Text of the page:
Impact of Meta—Analysis Methods
on Understanding Personality-Performance Relations
Murray R. Barrick Michael K. Mount
University of Iowa
Understanding the relations among personality dimensions and job performance is a fundamental concern of industrial-organizational (I/O) psychologists. This chapter discusses the impact that meta-analysis has had on furthering our knowledge in this area. First discussed are the results and conclusions from research conducted prior to 1990, which was based largely on narrative reviews of personality performance relations and did not utilize a taxonomy for classifying personality traits. Then examined are the results and conclusions derived from the literature based on studies conducted between 1990 and 2000 that used both metaanalysis and the Five Factor Model (FFM) to classify personality traits. Next discussed is the overall impact that meta-analysis has had on understanding personality performance relations. Finally, suggestions are provided for the role that meta-analysis can play in the future in furthering our understanding of personality-performance relations.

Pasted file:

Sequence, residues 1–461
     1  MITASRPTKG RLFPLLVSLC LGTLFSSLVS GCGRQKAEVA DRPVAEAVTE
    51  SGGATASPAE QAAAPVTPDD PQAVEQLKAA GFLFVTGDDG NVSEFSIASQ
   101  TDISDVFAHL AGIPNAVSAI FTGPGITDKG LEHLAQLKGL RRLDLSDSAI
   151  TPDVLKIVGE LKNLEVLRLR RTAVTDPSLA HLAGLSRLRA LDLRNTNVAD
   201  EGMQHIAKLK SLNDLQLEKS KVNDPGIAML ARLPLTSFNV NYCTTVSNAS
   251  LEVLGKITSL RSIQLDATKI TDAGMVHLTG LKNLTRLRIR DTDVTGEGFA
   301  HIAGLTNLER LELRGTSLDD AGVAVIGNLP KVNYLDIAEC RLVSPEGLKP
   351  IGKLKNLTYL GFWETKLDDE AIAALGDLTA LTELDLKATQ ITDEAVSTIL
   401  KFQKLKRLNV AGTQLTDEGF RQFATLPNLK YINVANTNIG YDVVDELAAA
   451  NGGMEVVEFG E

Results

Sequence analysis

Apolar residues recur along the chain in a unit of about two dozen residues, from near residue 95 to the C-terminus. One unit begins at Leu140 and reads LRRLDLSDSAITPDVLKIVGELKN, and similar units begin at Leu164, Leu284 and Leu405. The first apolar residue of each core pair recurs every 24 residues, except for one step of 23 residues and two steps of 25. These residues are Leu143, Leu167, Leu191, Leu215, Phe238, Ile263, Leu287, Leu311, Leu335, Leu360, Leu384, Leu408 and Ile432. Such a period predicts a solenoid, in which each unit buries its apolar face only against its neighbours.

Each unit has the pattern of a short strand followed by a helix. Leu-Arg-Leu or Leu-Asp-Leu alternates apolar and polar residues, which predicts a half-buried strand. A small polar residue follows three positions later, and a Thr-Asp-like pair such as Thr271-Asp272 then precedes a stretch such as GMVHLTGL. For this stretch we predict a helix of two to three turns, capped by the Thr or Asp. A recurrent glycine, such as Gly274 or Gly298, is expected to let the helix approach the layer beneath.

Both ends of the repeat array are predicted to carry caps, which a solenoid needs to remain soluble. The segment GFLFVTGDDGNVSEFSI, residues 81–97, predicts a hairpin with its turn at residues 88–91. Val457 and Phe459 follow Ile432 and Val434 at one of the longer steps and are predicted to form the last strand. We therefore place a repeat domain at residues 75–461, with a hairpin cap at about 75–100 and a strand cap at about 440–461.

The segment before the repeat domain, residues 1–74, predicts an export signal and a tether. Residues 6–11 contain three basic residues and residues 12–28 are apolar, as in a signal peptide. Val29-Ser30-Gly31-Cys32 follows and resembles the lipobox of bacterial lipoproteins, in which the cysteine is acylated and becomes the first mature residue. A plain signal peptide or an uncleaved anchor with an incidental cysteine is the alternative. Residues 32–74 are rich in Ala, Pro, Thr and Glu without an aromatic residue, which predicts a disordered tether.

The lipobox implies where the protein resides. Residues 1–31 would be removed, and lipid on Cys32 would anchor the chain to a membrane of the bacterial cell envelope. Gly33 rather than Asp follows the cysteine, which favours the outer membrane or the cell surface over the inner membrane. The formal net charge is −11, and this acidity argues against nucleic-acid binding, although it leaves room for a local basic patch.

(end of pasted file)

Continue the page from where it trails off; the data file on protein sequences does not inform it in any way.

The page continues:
In order to understand the impact that meta-analysis has had on understanding personality-performance relations, it is useful to review the methods and conclusions of studies conducted prior to the meta-analytic studies, as well as the reasons for the conclusions. Literally hundreds of studies have investigated this topic over the past 25 years, which attests to its importance to the I/O field. One of the first major reviews of personality tests was conducted by Ellis